You've touched on the jobs-housing imbalance. Let me try to draw a parallel to the challenges the basin faces in finding school sites in a dense metropolis and in some ways displacing housing for those school sites. How do we read into the Council's decision on Avalon Bay when it's comes time to decide between the fate of school sites and housing?
The problem of school siting is a very serious one. And I know that many communities object to having a school inserted into their neighborhood. But, as long as that attitude prevails, we're going to continue to have a hell of a time getting schools developed.
We need to look at mixed-use areas as places for schools, housing, open space and all the other requisites for a thriving community. That re-examination will lead to the school district using land comprehensively-schools can use open space as athletic fields while community groups use school facilities as meeting rooms. But no matter what, we're still going to face the displacement question.
Mayor-elect Jim Hahn proposed a joint-powers arrangement with the school district and the city for the building of new schools. At the moment the school district is really a sovereign that has no requirements to share its planning process with that of the cities within it. Do you see any coordination on the horizon to allow existing community plans to jibe with the proposals and agenda of LAUSD?
I'm not intimately familiar with LAUSD's internal labyrinthine workings. But any large organization has a certain amount of weight that it has to carry around when it is trying to do something. However, I think that the city government actually has a history of attempting all kinds of cooperation with the school district and in many cases succeeding.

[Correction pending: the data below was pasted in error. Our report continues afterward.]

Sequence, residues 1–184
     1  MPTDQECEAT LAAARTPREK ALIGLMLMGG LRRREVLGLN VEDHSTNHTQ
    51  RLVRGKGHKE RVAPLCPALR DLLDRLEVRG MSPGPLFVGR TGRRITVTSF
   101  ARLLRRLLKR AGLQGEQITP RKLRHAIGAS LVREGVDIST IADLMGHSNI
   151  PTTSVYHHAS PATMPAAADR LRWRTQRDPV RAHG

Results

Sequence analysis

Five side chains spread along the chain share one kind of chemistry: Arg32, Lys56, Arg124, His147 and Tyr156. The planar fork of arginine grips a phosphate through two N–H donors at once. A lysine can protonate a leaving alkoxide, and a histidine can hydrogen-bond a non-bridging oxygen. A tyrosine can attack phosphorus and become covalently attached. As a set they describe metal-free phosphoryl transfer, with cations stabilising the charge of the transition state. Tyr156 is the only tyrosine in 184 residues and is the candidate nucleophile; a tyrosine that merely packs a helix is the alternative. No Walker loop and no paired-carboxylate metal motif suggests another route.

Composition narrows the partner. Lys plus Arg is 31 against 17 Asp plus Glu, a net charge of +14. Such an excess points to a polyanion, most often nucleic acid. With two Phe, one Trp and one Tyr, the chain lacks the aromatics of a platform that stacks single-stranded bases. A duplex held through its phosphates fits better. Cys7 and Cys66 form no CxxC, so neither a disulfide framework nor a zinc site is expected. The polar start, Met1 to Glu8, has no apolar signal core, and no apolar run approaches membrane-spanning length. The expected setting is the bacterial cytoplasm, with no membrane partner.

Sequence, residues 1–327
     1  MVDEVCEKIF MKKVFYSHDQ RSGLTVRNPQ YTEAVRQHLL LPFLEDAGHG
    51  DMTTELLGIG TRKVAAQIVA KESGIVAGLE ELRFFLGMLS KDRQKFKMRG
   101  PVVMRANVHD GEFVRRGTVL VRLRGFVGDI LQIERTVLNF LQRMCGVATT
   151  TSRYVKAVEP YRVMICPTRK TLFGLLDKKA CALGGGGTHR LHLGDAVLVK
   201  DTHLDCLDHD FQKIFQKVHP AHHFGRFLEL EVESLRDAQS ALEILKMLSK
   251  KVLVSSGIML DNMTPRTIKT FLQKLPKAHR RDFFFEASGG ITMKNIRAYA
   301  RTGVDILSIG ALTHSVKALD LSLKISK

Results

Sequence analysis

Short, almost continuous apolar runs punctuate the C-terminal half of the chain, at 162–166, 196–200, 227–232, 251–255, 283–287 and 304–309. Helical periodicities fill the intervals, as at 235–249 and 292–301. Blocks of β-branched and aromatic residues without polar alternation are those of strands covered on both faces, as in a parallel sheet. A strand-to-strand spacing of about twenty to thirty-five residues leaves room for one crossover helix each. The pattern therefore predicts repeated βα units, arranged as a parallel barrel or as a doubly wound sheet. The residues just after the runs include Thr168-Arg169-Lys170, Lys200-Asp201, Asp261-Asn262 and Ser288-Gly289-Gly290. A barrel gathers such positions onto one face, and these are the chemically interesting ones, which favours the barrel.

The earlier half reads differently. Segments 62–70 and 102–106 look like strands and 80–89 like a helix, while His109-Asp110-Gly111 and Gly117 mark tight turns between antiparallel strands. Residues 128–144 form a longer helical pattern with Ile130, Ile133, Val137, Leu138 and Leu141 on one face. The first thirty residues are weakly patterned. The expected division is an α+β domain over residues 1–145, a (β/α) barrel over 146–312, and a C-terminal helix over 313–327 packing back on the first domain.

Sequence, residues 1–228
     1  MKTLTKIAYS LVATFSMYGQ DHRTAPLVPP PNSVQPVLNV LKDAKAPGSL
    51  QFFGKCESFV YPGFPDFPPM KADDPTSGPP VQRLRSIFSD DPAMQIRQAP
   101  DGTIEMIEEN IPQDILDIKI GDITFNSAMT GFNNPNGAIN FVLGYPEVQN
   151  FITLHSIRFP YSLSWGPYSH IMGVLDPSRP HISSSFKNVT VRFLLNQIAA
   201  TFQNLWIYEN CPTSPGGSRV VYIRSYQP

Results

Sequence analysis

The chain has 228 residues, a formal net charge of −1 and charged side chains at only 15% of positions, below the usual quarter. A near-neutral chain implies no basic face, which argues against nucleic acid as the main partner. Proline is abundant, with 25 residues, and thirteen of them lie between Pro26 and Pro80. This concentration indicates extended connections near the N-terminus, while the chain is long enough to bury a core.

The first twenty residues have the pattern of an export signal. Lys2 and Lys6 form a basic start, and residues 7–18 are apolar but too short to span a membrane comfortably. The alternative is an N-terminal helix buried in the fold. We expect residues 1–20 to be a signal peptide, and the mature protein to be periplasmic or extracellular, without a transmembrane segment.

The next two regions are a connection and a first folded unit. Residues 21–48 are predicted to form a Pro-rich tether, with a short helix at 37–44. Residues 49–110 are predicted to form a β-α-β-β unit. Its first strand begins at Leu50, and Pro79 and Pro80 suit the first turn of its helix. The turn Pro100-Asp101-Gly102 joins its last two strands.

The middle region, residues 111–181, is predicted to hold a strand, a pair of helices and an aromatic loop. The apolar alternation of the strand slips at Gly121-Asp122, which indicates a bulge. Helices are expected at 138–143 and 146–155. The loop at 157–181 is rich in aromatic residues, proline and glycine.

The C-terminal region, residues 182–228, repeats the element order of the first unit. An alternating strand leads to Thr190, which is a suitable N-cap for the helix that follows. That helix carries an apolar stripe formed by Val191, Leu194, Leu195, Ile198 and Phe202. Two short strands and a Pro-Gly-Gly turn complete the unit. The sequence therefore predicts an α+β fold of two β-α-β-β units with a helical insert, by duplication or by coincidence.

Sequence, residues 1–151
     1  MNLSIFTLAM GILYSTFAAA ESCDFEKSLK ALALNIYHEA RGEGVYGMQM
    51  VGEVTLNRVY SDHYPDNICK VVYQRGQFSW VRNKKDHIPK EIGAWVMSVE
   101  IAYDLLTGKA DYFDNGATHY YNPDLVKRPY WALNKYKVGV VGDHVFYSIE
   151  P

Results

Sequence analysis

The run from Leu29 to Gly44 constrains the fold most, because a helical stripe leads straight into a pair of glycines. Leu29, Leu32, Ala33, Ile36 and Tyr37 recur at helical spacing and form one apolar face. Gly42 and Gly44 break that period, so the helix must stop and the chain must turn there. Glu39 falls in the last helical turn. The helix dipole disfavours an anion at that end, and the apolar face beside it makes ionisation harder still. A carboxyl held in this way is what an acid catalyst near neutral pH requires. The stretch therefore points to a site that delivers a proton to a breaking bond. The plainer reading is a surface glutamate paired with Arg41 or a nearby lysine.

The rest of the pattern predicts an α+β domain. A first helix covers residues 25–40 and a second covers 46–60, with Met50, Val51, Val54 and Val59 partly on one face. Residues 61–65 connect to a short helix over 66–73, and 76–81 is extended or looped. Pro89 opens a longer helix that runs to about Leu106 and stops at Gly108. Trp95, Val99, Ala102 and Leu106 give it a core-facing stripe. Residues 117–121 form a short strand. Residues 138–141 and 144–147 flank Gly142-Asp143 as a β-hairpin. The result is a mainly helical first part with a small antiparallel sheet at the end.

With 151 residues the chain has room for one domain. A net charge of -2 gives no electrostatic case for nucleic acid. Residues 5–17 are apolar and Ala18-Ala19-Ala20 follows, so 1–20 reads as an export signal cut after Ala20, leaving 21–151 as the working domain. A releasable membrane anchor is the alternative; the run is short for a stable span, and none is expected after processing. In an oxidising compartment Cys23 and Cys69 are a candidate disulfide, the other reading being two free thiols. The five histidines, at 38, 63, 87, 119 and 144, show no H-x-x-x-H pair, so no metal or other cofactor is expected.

Where I think we're going to really find ourselves experimenting is with the neighborhood councils. Mr. Hahn and all of us on the Council are going to find some real challenges in encouraging neighborhood councils to see their communities as part of the overall city, rather than the focal point.
Let's close with this. As we move closer to July 1st, give us your take on what the public and our readers can expect in the way of an agenda re: land use planning from the many new faces on the Council, the new Mayor and the implementation of many of the provisions of the new Charter?
There are causes for optimism and causes for caution.
Clearly we have an incoming group of office holders who are energetic, enthusiastic, intelligent and anxious to solve problems. And that bodes very well for the city. These newly elected representatives should have a great opportunity to try out some creative ideas.
However, my word of caution refers back to the question of how we're going to organize and integrate the idea of neighborhood councils into this whole planning process. These new Council members all stressed their desire to empower neighborhoods and be responsive to the concerns of the neighborhood councils. As I see it, to successfully plan an entire city while one is in the process of building a system of councils focused so tightly on the individual neighborhood raises an enormous challenge for us as an entire city to transcend.